Nov 27th 2017 | The Economic Times
Despite China’s economy being far superior to India’s, its neighbour has a clear edge: a thriving democracy and an open economy. Yet, China is producing more and bigger entrepreneurs than India. The rise of Tencent, Alibaba, Baidu and Xiaomi from zero to billions of revenue in just a few years has no parallel in India. How could an authoritarian state have bigger private enterprise than a democracy?
Low wages, subsidies, institutional reforms, foreign investment and a favourable demographic have no doubt fuelled the Chinese growth in the past decade, but the recent explosion of private enterprise can be best explained by its crazy internet boom that has pulled a big majority of its people into formal economy.
In his 2015 book ‘China’s Disruptors’ Edward Tse coined an acronym to identify factors that triggered the entrepreneurial explosion— SOOT, which stands for scale, openness, official support and technology. These factors can be best seen operating together in China’s growing digital economy marked by huge people participation, transparency, supportive government policies and, well, technology.
A study by Pew Research Centre that tracked internet use in the two countries from 2013 to 2016 found China had 71% internet users while India had only 21%. It defined an internet user as the one who used the internet at least occasionally or owned a smartphone.
Recently, India’s minister for information technology Ravi Shankar Prasad said the government was trying to push Indian digital economy to $1 trillion in the next five to seven years. China’s digital economy was $3.35 trillion in 2016, according to government data. It grew 18.9 per cent, much faster than China’s overall economic growth at 6.7 per cent. Digital economy accounted for 30.3 per cent of China’s total GDP. It contributed 69.9 per cent to the GDP. So many people formally involved in the the economy means its easier for Chinese companies to achieve scale and critical mass.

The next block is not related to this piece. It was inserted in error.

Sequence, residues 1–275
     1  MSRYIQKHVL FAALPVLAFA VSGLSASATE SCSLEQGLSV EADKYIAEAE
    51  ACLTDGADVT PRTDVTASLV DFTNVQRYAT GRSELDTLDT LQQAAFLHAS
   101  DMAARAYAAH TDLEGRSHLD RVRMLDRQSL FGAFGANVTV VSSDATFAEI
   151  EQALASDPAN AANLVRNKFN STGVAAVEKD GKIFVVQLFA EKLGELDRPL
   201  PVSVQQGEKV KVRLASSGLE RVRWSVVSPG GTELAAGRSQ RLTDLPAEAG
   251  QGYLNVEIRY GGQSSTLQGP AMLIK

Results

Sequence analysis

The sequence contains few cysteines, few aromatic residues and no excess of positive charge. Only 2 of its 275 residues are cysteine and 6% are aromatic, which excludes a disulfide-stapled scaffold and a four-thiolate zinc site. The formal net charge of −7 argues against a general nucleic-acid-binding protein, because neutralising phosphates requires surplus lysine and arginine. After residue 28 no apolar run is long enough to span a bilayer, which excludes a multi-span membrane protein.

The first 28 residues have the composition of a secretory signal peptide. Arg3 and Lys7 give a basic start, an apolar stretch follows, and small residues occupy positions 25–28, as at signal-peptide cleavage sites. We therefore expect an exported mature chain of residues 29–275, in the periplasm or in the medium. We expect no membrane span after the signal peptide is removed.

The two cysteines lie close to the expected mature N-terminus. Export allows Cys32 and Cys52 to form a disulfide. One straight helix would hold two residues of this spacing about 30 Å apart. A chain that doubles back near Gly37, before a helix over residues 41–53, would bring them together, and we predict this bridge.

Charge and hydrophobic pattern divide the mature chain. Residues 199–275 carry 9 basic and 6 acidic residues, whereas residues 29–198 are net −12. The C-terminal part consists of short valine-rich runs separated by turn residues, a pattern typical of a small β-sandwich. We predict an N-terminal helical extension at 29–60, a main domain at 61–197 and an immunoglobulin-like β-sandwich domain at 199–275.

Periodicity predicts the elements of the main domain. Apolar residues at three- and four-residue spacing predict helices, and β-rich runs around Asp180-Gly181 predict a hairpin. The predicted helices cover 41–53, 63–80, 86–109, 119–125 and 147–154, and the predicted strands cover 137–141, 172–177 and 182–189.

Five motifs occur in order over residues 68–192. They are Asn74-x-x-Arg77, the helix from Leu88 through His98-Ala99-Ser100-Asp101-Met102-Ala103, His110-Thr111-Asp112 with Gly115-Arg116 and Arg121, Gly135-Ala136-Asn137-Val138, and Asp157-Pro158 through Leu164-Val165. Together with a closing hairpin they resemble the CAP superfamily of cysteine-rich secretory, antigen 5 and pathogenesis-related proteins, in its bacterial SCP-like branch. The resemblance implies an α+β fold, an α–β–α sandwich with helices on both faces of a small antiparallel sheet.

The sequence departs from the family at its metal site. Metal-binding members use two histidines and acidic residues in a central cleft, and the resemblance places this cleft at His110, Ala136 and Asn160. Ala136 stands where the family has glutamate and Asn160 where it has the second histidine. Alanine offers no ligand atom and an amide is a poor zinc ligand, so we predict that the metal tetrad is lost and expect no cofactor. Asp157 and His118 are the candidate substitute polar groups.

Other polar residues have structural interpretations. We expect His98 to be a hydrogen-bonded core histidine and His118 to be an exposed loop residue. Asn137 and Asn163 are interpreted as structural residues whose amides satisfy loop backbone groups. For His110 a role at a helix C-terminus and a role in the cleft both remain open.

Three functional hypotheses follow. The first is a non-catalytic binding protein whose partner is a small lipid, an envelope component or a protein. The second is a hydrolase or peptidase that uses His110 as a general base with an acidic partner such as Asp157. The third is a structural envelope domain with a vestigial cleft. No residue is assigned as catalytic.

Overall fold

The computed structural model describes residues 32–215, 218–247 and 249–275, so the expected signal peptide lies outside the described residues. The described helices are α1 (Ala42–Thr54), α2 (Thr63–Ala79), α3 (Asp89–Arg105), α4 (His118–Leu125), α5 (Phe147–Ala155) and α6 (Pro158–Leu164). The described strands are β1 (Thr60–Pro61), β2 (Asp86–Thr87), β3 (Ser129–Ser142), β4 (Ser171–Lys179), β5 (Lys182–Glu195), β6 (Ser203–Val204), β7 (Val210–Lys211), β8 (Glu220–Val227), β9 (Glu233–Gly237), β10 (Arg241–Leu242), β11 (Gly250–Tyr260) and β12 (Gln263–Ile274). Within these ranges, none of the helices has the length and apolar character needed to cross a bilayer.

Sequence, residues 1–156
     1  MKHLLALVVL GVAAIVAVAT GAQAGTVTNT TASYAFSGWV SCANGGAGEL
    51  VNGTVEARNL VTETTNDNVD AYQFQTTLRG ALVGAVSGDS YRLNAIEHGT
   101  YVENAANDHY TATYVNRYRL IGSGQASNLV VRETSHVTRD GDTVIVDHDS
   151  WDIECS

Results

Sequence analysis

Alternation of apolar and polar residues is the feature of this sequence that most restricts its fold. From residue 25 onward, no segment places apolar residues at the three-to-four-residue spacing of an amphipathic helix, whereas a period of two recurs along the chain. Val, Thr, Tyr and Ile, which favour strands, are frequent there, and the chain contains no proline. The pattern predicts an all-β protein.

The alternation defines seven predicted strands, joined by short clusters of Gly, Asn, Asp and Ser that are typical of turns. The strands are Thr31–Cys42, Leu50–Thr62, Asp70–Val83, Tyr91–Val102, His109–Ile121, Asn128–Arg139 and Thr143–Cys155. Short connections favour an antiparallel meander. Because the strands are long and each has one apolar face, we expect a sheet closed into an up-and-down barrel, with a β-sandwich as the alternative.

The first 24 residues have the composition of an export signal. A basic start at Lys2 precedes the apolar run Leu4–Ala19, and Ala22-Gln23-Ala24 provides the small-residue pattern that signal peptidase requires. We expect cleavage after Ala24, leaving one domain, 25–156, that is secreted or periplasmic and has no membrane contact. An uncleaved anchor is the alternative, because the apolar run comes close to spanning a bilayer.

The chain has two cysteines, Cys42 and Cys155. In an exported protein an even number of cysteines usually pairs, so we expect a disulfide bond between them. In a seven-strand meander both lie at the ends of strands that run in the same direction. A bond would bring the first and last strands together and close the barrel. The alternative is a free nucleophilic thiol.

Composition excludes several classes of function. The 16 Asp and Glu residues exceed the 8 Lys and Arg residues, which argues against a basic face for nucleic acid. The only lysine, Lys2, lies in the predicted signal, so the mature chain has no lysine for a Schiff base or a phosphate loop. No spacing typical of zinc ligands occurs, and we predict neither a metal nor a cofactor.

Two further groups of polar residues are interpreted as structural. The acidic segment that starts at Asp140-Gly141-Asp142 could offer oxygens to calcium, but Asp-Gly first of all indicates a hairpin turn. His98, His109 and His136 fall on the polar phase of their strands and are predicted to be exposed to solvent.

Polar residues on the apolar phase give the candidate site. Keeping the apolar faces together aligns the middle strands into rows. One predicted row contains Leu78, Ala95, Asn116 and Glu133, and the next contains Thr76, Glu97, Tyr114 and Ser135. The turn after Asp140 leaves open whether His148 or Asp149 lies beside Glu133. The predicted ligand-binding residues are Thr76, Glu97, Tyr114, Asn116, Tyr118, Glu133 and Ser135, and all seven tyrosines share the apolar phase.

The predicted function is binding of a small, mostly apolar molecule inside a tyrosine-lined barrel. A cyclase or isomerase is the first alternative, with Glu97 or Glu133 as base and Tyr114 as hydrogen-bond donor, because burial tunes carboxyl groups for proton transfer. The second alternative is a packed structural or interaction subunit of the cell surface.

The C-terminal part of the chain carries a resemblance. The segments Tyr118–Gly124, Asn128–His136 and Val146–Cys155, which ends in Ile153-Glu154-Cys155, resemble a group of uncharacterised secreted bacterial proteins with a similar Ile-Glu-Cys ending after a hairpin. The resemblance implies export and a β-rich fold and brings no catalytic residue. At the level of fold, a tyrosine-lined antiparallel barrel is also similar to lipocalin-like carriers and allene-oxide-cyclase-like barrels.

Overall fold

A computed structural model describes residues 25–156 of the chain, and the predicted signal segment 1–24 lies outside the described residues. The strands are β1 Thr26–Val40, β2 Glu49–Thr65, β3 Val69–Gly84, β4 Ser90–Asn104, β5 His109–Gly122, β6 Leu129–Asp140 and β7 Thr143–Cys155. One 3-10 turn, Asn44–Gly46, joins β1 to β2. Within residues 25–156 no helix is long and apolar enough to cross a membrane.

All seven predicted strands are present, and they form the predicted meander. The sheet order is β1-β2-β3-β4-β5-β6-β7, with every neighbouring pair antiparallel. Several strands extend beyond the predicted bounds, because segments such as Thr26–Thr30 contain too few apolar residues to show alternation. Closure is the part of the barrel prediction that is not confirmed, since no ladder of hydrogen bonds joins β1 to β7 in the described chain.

China’s digital economy grows not just due to consumers and investors. The government too supports it. Chinese Premier Li Keqiang started an ‘Internet Plus’ policy to promote integration of digital technologies into various economic sectors.
According to Dominic Barton, managing director of McKinsey & Co, the reason why China produces more entrepreneurs is the large economic base. More people in China participate formally in the economy than in India. “Companies such as Tencent came out of nowhere. What they’ve done using data analytics is that they are serving 300 million people, so participation rate of Chinese in their economy is higher,” he said in a recent interview.
“We’re just at an earlier stage. China has poor regions but not as black and white as India. But as more and more Indians get connected, get inducted formally into the system, it will happen,” Barton said.
India’s digital push, started with the government’s hugely disruptive decision to ban high-currency notes last year, may not have helped the government much in fighting the black economy as it had hoped to. But it can surely lead to more formalisation of the economy, pulling a large number of people into the economic mainstream. A bigger consumer base will not only make it easier for Indian entrepreneurs to scale up fast, but it will also attract new entrepreneurs to try out disruptive ideas.